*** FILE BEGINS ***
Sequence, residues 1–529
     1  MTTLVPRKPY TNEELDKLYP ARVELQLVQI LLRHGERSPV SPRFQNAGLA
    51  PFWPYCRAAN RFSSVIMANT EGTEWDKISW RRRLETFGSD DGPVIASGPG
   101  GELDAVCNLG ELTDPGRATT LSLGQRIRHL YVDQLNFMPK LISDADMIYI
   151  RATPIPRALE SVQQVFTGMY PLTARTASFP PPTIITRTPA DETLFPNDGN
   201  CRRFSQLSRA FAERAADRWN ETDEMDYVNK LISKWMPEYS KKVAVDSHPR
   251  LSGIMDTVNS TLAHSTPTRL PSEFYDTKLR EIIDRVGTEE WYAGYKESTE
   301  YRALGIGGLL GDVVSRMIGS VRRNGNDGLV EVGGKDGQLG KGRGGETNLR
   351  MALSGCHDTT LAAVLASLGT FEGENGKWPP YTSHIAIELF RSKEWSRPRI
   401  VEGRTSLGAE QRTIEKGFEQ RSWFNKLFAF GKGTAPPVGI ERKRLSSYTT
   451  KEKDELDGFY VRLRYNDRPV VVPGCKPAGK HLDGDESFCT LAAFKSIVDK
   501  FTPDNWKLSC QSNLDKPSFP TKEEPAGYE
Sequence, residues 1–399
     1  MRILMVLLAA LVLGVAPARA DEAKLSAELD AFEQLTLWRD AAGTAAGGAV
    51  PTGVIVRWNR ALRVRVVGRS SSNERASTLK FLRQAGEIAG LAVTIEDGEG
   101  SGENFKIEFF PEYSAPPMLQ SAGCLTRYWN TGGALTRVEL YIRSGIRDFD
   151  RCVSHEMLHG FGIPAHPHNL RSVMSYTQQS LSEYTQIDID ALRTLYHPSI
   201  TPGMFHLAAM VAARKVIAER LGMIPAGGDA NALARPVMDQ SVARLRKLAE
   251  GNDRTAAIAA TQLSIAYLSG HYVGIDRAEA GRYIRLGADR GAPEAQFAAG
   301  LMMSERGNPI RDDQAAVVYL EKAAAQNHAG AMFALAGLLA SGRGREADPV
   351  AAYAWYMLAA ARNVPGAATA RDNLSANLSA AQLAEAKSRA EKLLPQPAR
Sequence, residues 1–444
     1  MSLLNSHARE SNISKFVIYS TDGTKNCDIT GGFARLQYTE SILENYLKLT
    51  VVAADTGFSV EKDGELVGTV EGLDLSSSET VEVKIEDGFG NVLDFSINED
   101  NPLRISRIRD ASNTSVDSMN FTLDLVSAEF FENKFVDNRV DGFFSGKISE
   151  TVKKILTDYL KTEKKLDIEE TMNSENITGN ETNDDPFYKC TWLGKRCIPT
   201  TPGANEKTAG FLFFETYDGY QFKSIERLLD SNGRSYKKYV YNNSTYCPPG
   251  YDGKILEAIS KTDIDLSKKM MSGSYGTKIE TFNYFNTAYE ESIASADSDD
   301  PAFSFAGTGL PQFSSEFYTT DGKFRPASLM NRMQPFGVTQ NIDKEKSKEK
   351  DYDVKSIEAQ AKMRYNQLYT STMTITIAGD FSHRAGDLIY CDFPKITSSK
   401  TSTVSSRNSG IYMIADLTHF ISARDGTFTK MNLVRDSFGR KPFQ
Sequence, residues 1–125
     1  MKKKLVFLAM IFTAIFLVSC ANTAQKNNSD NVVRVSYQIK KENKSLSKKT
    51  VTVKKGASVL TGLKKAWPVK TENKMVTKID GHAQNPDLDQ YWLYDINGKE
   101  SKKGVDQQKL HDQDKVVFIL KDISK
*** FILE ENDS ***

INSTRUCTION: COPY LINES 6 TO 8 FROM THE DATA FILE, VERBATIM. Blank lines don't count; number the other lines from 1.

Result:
   201  CRRFSQLSRA FAERAADRWN ETDEMDYVNK LISKWMPEYS KKVAVDSHPR
   251  LSGIMDTVNS TLAHSTPTRL PSEFYDTKLR EIIDRVGTEE WYAGYKESTE
   301  YRALGIGGLL GDVVSRMIGS VRRNGNDGLV EVGGKDGQLG KGRGGETNLR